Posts tagged ‘agriculture’

Immokalee Farm Workers

by , posted on Wednesday, September 12th, 2012 at 11:28 am

from PDA-IL

Leonel Perez and Claire Lomiskey speak on the Immokalee Farm Workers struggle for fair wages and fair treatment. Join them Saturday, September 15, 2012, at Clark and La Salle at the south end of Lincoln Park as they lobby Chipotle corporation to recognize farm workers. For more information, visit or contact


And the designated disaster counties in Illinois are…

by , posted on Wednesday, August 1st, 2012 at 7:28 pm

sadly too numerous to name. Today the number of Illinois counties designated as drought disaster areas rose to 98 of Illinois’ 102 counties. The four counties not named disaster areas (yet) were:
Cook, DuPage, Will, and my home county of Kane.

You can go look at the usda map for the whole country here. It is massive, with more than 50% of U.S. counties declared disaster areas by today.

As to why this cluster of four counties in Illinois are not included, I can only guess that, because we have been getting some rain over the last week, we are in somewhat less dire straits than the rest of the state. But we are still in drought, per the drought monitor map, which may tell a different story after it updates tomorrow morning. The still-brown grass here tells its own story.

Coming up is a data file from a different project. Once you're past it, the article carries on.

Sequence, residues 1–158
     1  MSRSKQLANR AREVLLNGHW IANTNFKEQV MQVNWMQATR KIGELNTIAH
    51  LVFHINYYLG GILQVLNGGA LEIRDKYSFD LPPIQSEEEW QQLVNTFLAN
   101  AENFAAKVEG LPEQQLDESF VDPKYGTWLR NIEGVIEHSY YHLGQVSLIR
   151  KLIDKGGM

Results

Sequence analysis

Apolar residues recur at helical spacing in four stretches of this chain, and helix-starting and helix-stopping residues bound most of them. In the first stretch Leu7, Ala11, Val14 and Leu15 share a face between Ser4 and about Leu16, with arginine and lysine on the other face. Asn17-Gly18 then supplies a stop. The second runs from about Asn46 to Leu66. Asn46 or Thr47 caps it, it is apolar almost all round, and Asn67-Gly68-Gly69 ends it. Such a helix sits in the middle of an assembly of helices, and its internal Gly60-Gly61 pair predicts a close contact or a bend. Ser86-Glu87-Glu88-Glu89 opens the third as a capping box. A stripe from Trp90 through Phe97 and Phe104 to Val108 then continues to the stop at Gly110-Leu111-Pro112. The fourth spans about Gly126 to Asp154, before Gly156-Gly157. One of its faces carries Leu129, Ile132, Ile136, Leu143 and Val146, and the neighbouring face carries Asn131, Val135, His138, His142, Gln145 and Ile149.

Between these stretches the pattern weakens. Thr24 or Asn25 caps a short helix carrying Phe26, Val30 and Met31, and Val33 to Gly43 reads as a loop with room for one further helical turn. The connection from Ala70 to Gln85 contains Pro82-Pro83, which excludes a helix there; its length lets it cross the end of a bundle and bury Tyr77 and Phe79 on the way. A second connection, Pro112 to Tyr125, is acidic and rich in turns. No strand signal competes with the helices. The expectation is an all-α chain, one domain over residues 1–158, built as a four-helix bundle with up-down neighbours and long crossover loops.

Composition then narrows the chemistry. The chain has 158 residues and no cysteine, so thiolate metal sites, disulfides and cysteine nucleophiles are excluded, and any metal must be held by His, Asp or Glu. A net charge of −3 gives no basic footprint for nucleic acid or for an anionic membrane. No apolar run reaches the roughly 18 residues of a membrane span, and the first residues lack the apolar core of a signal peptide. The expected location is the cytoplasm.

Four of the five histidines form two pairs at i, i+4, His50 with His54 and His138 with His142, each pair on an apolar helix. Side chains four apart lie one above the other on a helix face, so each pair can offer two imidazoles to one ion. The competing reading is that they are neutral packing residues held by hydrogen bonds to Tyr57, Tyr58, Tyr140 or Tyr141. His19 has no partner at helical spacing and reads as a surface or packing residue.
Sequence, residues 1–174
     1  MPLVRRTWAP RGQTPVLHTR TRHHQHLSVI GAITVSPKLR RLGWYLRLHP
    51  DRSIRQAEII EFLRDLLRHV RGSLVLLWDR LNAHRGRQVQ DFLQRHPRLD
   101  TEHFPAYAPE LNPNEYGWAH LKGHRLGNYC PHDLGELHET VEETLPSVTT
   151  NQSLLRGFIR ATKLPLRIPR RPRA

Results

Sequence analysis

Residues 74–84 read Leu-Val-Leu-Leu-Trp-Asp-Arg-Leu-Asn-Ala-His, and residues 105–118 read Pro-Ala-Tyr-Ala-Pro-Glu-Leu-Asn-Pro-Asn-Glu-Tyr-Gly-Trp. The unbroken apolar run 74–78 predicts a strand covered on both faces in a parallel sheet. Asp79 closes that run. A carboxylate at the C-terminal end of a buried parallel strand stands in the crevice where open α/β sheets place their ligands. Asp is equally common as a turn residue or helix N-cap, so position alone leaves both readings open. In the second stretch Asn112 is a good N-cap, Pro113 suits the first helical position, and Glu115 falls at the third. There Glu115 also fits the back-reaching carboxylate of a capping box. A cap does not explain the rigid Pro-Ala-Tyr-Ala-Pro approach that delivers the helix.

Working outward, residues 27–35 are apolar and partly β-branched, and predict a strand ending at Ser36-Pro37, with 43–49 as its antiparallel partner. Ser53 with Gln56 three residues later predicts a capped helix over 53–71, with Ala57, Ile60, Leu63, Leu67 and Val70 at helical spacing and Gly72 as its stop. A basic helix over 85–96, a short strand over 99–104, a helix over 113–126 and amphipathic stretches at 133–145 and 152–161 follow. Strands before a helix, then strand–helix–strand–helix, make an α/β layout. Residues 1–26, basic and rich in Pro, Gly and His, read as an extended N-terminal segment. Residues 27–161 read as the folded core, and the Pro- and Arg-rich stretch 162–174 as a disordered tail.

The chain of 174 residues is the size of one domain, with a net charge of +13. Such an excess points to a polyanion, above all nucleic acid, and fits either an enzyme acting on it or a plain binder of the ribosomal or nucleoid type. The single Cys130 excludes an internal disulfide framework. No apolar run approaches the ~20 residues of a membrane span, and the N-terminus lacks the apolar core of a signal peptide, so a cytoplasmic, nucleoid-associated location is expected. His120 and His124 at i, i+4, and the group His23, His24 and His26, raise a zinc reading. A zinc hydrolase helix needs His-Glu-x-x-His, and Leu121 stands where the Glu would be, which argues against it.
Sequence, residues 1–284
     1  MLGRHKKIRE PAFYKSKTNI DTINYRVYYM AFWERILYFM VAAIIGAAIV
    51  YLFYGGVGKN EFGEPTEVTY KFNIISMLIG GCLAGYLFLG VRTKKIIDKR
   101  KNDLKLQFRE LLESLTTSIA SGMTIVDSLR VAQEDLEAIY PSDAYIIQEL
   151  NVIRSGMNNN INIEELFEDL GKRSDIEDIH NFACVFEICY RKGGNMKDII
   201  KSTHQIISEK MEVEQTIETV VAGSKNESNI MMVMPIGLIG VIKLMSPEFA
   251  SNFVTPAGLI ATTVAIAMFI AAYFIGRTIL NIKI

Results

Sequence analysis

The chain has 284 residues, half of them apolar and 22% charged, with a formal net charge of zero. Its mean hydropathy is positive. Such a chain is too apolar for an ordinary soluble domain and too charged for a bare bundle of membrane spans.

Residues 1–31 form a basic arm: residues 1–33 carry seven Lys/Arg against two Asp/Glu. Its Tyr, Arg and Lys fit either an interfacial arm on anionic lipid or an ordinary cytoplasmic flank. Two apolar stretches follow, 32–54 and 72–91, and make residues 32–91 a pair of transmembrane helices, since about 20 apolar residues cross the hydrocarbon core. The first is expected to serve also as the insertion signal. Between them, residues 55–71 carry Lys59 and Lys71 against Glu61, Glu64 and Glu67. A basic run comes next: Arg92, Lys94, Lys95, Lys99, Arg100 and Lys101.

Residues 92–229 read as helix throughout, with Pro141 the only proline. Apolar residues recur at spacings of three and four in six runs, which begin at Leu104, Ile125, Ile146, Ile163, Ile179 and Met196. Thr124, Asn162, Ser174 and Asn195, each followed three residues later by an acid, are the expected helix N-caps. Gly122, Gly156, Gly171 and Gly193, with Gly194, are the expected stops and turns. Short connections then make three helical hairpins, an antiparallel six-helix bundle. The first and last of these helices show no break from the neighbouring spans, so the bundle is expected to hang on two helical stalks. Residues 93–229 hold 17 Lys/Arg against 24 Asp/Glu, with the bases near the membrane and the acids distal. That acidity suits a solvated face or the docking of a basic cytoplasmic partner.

Urban Agriculture in Burlington VT

by , posted on Friday, July 27th, 2012 at 7:27 pm

from the Gund Institute for Ecological Economics



by , posted on Thursday, July 19th, 2012 at 8:35 am

It rained last night. According to the rain gauge in my backyard it rained about 1 1/4″ and Tom Skilling said on Facebook that

Heaviest rain in nearly a year has fallen at Midway tonight! 2.02″ fell this evening amid 50 mph wind gusts. 1.50″ of that total came down in just 30 minutes! The last time that much rain fell at Midway was on July 23 last summer when 2.30″ fell.

Huge relief. We were all dancing around the house at midnight calling out to each other when we started to hear the drops fall on the roof (we’d been hearing thunder and seeing lightning for more than an hour prior to the actual rain). You can already see the grass starting to green up, and I’m sure my vegetables are loving this.




by , posted on Thursday, July 12th, 2012 at 6:00 am

The title’s all in caps for a reason – you’ll just have to bear with me to find that reason out. It’s complicated.

My daughter tells this story of moving to North Carolina, inviting friends over for dinner, accepting an offer to help “peel” the corn, watching leaves being literally peeled back one by one, before picking up an ear and rapidly shucking it only to be met with gasps of astonishment and amazed “how did you DO that?” questions.

My son tells this story of being involved in a day-long firefight in Afghanistan in a cornfield and the dissonance caused in his mind by having terrorists fire at him from the cover of high corn that evoked for him happy childhood memories of travelling through miles and miles of cornfields to visit his grandparents on the other side of Illinois.